Assignment: Conceptual Processing
Assignment: Conceptual Processing
Assignment: Conceptual Processing
Second, the ages during which these shifts occur vary markedly across children. For rough approximations, we define younger children as those between 2 and 7, older children as those between 8 and 12, and adolescents as those between 13 and 18.
Younger Children Versus Older Children
From Perceptual to Conceptual Processing. Preschoolers pay close attention to how things look and sound. This focus on salient features has been referred to as perceptual boundedness (Bruner, 1966). Perceptual boundedness is defined as an overreliance on perceptual information at the expense of nonobvious or unobservable information that may be more relevant (Springer, 2001). For example, preschoolers frequently group objects together based on shared perceptual features such as color or shape (Bruner, Olver, & Greenfield, 1966; Melkman, Tversky, & Baratz, 1981). In contrast, by age 6 or 7, children have begun sorting objects based on conceptual properties such as the functions they share (Tversky, 1985). With regard to the media, studies show that younger children pay strong visual attention to perceptually salient features such as animation, sound effects, and lively music (Anderson & Levin, 1976; Calvert & Gersh, 1987; Schmitt, Anderson, & Collins, 1999). Older children, on the other hand, tend to be more selective in their attention, searching for cues that are meaningful to the plot rather than those that are merely salient (Calvert, Huston, Watkins, & Wright, 1982).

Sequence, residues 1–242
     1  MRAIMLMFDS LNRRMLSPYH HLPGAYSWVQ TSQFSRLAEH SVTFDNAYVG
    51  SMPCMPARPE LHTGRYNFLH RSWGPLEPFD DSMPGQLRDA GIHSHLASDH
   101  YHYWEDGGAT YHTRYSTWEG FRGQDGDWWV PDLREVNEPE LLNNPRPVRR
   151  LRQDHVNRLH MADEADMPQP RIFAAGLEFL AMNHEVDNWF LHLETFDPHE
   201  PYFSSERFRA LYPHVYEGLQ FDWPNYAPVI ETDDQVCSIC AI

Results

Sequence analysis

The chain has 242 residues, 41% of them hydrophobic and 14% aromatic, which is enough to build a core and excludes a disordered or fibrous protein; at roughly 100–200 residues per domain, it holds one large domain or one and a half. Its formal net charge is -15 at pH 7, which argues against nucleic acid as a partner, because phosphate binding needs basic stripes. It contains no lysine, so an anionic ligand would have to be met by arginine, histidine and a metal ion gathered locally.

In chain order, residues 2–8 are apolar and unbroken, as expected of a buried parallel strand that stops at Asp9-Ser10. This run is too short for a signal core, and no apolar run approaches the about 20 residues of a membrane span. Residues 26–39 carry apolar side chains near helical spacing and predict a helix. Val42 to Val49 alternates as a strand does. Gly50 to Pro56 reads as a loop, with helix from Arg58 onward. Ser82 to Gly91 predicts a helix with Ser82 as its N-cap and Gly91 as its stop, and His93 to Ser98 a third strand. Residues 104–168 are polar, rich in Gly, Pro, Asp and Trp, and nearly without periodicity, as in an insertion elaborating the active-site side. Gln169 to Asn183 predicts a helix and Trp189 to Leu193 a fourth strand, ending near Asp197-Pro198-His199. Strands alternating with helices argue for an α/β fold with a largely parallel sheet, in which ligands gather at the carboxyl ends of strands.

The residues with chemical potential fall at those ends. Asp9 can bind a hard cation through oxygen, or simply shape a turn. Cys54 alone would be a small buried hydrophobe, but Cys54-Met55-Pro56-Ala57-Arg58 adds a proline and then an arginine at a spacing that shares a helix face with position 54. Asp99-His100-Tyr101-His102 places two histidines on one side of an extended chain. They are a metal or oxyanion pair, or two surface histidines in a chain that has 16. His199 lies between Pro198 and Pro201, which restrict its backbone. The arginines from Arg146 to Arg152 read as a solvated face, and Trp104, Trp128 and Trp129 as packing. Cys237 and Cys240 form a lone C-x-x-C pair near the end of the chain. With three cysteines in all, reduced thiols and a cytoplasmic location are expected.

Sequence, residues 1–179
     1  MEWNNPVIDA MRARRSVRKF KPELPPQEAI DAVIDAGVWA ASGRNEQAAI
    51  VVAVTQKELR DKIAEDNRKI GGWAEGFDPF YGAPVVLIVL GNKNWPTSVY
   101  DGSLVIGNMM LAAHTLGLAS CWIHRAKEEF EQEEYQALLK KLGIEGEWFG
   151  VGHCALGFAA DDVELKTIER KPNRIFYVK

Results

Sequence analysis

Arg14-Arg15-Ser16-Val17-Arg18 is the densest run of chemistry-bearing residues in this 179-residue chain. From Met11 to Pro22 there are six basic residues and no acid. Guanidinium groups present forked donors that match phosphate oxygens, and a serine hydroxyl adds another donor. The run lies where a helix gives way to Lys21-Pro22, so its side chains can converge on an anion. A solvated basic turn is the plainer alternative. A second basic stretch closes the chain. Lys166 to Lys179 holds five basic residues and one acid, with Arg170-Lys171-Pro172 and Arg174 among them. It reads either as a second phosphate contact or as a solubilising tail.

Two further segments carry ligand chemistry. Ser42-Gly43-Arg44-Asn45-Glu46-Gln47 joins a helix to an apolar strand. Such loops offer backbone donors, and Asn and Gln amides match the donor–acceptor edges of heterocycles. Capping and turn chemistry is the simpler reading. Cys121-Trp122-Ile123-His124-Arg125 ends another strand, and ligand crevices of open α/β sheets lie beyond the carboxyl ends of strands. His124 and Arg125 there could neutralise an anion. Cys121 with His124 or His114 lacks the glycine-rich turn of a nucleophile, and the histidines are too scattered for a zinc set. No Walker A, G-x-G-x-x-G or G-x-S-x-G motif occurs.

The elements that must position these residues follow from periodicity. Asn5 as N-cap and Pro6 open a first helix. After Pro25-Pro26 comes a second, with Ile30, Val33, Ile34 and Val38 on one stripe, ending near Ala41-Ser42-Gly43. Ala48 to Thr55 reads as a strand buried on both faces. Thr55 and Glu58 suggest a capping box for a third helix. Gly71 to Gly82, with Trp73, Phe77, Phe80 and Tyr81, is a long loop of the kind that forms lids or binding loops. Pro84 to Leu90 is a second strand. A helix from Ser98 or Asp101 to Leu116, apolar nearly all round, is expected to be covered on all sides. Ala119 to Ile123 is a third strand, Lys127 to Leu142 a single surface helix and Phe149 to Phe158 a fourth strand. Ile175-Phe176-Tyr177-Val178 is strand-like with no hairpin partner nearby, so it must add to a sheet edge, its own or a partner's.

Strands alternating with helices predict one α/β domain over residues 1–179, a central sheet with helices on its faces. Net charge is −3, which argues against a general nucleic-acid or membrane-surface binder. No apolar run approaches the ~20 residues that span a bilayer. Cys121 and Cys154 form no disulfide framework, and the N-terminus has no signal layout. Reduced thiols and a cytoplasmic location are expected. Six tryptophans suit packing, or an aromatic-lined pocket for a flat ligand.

One creative experiment involving television revealed this distinction quite clearly. Hoffner and Cantor (1985) exposed children to a television character who was either attractive or ugly and who acted kind toward others or was cruel (see Figure 1.15). Preschoolers generally rated the ugly character as mean and the attractive character as nice, independent of the character’s actual behavior. In other words, their evaluations were strongly affected by the character’s physical appearance. Older children’s judgments, in contrast, were influenced more by the character’s behavior than her looks.
Why are younger children so perceptual in their focus? Tversky (1985) has argued that all children can be swayed by strong perceptual cues in a situation, but that as they develop children come to suppress immediate, salient responses in favor of slower, more thoughtful ones. This shift is undoubtedly fostered by the acquisition of knowledge that is conceptual in
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Discussion Questions (DQ)
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Use of Direct Quotes
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